A referendum to ban the hunting of bears with bait or dogs and to outlaw trapping was rejected by voters in 2004. Although it failed, polls showed strong public disapproval of trapping. The bear working group, set up by the Department of Inland Fisheries and Wildlife (IF&W) after the vote, begins to address this concern by calling for a prohibition on steel-jawed leghold traps, devices even many sportsmen consider unnecessary. The department should enact such a ban and a one-trap limit, down from the current two.
The committee, which included sportsmen, landowners, and animal welfare groups, failed to agree on an outright trapping ban and recommended that the IF&W gather more information about how many trappers there are in Maine and what types of devices they use. The committee also called for more study of bear baiting and its effects on ursine health, reproduction, and survival. Such information was lacking during the 2004 referendum campaign.
Beyond bears, the best way to ensure that IF&W is not viewed as an agency that caters to hunters and fishermen is to fund more of its operations from the General Fund. Recognizing this problem, the legislature in 2003 passed a bill requiring the state to fund 18 percent of the department's budget with money from the General Fund. Because of budget shortfalls, this has not happened. Attempts to assess fees on hikers, kayakers, and other nonconsumptive users have also failed.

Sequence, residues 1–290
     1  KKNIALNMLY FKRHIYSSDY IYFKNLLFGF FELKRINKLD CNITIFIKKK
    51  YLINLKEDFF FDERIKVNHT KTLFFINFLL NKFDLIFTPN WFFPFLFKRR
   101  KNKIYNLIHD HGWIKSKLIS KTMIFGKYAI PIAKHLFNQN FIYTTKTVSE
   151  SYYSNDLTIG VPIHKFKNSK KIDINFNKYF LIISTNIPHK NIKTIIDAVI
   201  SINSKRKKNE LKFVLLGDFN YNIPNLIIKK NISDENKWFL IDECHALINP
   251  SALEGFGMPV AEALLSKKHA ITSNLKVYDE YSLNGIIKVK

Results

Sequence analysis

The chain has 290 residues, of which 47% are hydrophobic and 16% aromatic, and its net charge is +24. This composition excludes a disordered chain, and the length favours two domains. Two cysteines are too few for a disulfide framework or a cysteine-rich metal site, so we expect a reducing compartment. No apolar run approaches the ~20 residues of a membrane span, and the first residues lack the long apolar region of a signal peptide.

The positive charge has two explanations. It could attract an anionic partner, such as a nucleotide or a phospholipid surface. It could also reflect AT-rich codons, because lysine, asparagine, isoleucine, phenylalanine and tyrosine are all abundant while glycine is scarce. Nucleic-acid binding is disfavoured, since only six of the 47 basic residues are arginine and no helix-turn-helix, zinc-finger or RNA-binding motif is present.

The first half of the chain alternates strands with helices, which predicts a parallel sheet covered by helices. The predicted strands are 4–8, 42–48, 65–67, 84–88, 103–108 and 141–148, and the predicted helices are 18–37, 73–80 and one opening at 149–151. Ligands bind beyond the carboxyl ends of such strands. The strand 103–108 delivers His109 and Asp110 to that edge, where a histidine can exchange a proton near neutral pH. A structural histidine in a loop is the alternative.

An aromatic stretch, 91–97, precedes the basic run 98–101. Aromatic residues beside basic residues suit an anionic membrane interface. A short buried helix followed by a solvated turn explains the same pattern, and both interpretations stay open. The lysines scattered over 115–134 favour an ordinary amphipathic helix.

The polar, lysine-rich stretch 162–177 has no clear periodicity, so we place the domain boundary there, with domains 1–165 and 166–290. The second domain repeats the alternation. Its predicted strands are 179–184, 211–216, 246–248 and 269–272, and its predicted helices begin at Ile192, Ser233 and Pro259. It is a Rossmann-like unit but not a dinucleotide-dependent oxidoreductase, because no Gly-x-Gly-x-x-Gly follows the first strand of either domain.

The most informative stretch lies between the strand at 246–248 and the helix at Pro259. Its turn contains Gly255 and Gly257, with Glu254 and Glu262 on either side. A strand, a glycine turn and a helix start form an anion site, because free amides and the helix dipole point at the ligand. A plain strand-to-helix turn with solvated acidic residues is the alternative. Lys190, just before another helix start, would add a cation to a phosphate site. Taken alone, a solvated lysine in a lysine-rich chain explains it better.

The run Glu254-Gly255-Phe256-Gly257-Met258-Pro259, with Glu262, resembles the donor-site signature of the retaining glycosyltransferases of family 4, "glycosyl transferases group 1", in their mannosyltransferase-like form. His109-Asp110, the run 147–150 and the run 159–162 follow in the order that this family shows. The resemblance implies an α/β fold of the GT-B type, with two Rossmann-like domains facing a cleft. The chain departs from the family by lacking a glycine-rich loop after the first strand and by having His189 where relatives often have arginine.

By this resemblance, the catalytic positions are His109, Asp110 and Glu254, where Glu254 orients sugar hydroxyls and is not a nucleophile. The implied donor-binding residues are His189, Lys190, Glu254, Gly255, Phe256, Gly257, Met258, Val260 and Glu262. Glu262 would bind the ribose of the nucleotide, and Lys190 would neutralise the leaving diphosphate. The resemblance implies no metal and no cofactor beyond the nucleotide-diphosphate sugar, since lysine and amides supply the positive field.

Improving Maine's bear-hunting laws and IF&W's funding situation will take time and cooperation from sportsmen and wildlife advocates. This working group should be a step in that direction.
Sun Journal, Lewiston
Plugging the Brain Drain
We have been too long content with the doubtful compliment that 'Maine is a good state to go from.' She must be made a good state to come to, and stay in. We want to induce our young men and women to remain among us, and better themselves and us and the state by so doing."
— Governor Joshua Chamberlain, inaugural address, 1867
A new study released recently debunks the long-held view in Maine that if we just offered our young citizens a better education, they would stay here and build a stronger and more prosperous Maine with their talents and ambition. Joshua Chamberlain knew better in 1867 when he made the inextricable link between good jobs and a good life in Maine. He implied that Maine's famous quality of life is a "doubtful compliment" and goes on in his first inaugural speech to argue that the inducement to keep young people in Maine must be good-paying jobs.
In other words, Maine needed more than its rugged beauty to offer its citizens a good quality of life. It still does: Maine remains one of the poorest states in the union and, thus, among the very highest taxed as a percentage of our income.
The new study by the Finance Authority of Maine harks back to Chamberlain when it concludes that, "only by expanding career opportunities will we be capable of turning the so-called 'Brain Drain' into a 'Brain Gain.' "
The study sadly reveals that not much has changed since 1867: college-educated Mainers who stay in the state after earning their degrees say they "sacrifice" by accepting lower wages and benefits in exchange for living near their families and enjoying the recreational opportunities that are so much a part of the Maine mystique.